Kaiser employees dedicated to processing information on prospective trans-plant recipients were overworked, logging 10- to 16- hour days as they tried to keep up with the avalanche of information. The company did not accurately anticipate the personnel requirements of their under-taking. These were by no means the company’s only mistakes, however. There were no specific procedures for transferring data on the initial patients to the United Network for Organ Sharing (UNOS), which oversees national transplant waiting lists. There were no systematic processes for tracking or responding to patient complaints or requests. The Kaiser staff lacked guidance and training regarding their job requirements and uniformly lacked prior experience with transplant programs. And there was no executive governance to identify and correct any of these procedural problems that arose almost immediately after the beginning of the project. Kaiser had seemingly made no attempt to identify and define the processes required to ensure a smooth transition from external transplant programs to an in- house program.

Kaiser also failed to give patients credit for time spent on waiting lists at other hospitals, sometimes dropping patients who had waited the longest down to the bottom of the list. Unlike other companies, IT mismanagement in health care companies can cost individuals their lives, and in Kaiser’s case many plaintiffs seeking damages against the company believe the errors surrounding the Kaiser Transplant Center have done just that. At the outset of the transition, Kaiser mailed potential kidney recipients consent forms but did not offer specific directions about what to do with the forms. Many patients failed to respond to the letter, unsure of how to handle it, and others returned the forms to the wrong entity. Other patients were unable to correct inaccurate information, and as a result, UNOS was not able to approve those patients for inclusion on Kaiser’s repopulated kidney wait list. Despite all of the IT mishaps, the medical aspect of the transplant program was quite successful. All 56 transplant recipients in the first full year of business were still living one year later, which is considered to be strong evidence of high quality.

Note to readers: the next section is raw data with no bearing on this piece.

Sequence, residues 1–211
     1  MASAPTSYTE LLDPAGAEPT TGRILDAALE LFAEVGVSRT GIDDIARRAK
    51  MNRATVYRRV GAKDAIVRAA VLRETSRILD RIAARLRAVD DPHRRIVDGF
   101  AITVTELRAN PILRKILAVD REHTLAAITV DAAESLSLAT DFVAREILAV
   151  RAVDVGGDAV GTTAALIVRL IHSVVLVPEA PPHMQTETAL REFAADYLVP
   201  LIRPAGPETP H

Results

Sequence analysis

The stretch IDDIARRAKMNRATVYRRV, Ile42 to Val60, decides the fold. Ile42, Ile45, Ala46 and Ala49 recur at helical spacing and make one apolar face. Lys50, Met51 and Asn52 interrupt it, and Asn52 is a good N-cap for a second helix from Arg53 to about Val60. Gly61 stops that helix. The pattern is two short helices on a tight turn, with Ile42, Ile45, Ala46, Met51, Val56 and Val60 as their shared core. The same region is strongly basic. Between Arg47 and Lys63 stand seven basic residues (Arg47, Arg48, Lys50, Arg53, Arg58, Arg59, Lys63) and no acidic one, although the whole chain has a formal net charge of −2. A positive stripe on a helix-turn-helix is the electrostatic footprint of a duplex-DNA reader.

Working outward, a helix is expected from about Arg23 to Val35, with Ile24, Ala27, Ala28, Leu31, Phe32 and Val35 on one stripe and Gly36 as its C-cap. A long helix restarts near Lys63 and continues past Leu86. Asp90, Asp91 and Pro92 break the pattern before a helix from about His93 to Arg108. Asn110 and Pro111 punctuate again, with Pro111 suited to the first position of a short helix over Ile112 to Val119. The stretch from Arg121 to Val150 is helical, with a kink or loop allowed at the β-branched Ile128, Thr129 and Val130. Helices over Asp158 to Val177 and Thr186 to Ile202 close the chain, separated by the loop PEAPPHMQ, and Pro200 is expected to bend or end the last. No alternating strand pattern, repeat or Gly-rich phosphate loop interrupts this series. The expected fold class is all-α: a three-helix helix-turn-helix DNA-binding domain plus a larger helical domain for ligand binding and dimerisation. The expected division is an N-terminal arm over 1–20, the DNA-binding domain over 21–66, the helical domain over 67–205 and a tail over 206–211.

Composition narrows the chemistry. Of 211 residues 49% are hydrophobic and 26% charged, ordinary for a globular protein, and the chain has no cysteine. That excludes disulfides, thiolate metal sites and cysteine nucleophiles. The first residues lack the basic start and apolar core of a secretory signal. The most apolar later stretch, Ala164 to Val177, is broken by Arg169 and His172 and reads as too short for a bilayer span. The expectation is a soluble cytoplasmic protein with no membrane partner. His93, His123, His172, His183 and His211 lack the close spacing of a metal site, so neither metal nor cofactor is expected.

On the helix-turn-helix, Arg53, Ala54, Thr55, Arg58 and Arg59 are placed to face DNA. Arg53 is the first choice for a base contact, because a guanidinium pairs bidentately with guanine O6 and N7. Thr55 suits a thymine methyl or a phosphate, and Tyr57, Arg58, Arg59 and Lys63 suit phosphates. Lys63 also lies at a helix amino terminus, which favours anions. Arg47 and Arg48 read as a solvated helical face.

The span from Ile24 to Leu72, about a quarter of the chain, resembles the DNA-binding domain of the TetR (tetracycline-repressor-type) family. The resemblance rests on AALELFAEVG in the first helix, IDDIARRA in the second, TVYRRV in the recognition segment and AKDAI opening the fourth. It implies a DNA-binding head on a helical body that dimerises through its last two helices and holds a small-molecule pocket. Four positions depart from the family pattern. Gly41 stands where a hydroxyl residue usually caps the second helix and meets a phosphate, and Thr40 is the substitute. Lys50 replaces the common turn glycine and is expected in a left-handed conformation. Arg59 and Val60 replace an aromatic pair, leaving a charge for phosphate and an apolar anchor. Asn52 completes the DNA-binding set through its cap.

But as the organizational woes continued to mount, Kaiser was forced to shut the program down in 2006, absorbing heavy losses and incurring what figures to be considerable legal expenses. Kaiser paid a $ 2 million fine to be levied by the California Department of Managed Health Care (DMHC) for the various state and federal regulations it failed to adhere to in its attempt to set up a transplant program. Kaiser was also forced to make a $ 3 million charitable donation. Many families of people who died waiting for kidneys from Kaiser are suing the company for medical negligence and wrongful death. Other patients, such as Bernard Burks, are going after Kaiser them-selves for the same reasons. In March 2008, Burks won the right to have his case heard by a jury in a public courtroom, rather than a private judge or lawyer in arbitration. Most patient disputes with Kaiser are traditionally settled behind closed doors, presumably to minimize the damage to the company’s reputation and increase the likelihood of winning their cases. Burks was the first of over 100 patients on Kaiser’s kidney transplant waiting list to win the right to a jury trial.